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The rather good looking and feeling steering wheel is housed in front of the all LCD screen where you’ll find your speedometer and tachometer among other things. It’s all programable to choose the look you prefer with different emphasis on things such as your digital speed, what satellite radio station you’re currently listening to and how much gas you’re sipping chugging. I’ll get to the later in a moment. But the readouts are clear and the customization is a cool feature, as is the heads up display which projects things like your speed (and what the speed limit is on almost any road) onto the windshield so that you don’t actually have to take your eyes off the road.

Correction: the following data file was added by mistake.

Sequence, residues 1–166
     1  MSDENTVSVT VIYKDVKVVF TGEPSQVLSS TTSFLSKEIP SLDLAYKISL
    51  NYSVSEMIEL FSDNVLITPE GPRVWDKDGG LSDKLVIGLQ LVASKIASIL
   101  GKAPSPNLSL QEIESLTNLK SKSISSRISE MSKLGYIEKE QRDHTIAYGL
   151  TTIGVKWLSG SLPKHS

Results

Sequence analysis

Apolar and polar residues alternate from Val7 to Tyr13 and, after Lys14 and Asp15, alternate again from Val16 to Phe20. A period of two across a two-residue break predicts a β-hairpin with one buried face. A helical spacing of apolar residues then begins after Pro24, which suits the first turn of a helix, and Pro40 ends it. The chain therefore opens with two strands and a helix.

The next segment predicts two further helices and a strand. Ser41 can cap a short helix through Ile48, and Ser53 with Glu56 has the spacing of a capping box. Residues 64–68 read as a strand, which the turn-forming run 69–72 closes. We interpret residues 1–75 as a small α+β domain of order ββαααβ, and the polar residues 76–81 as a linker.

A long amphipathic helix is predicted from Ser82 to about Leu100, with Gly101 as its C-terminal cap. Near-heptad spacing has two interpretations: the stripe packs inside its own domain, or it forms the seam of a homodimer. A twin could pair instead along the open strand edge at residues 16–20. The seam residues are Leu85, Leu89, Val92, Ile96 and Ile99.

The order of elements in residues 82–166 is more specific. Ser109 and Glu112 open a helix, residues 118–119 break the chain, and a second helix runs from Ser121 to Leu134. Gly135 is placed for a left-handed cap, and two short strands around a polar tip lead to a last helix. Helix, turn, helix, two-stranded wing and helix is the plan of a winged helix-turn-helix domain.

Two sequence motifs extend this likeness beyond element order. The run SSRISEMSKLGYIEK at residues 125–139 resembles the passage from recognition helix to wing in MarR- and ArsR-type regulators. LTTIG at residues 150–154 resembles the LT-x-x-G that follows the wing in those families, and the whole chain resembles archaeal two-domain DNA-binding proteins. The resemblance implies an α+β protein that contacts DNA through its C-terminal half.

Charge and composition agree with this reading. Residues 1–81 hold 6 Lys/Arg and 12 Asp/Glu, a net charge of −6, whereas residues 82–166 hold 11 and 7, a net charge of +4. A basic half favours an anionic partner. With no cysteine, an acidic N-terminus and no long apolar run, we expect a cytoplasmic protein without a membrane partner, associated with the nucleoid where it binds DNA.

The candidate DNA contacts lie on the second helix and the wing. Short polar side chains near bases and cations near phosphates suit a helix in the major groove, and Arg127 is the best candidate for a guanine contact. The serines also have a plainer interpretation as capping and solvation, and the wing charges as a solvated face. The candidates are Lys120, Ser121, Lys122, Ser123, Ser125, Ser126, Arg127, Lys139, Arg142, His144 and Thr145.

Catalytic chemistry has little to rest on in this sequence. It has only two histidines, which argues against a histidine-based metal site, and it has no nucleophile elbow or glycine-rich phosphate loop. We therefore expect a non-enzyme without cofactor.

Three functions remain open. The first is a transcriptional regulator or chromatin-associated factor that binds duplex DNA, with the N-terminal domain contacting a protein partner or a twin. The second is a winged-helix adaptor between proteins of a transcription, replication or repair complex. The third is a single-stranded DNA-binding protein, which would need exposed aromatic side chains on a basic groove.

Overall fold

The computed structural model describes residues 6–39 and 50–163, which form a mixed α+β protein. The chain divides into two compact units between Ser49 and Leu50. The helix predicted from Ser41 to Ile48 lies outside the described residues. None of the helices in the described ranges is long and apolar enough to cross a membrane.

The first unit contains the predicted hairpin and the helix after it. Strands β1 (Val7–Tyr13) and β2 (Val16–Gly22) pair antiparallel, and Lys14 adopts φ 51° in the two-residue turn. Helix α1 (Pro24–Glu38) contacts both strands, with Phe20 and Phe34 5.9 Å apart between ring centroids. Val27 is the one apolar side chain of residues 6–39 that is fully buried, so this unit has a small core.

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The seats are cushy and comfortable and they also have a massage feature, which can be controlled on the side of the seat. I’m not sure why GM decided to locate them next to the power adjustable seat switches, especially since it means you can’t really see it only feel it. It takes some getting used to but once you do, you’ll find a roll massage feature, a knead feature and an anti-fatigue feature for the driver. Overall they are decent, but I think they are bested by Audi’s massaging seats.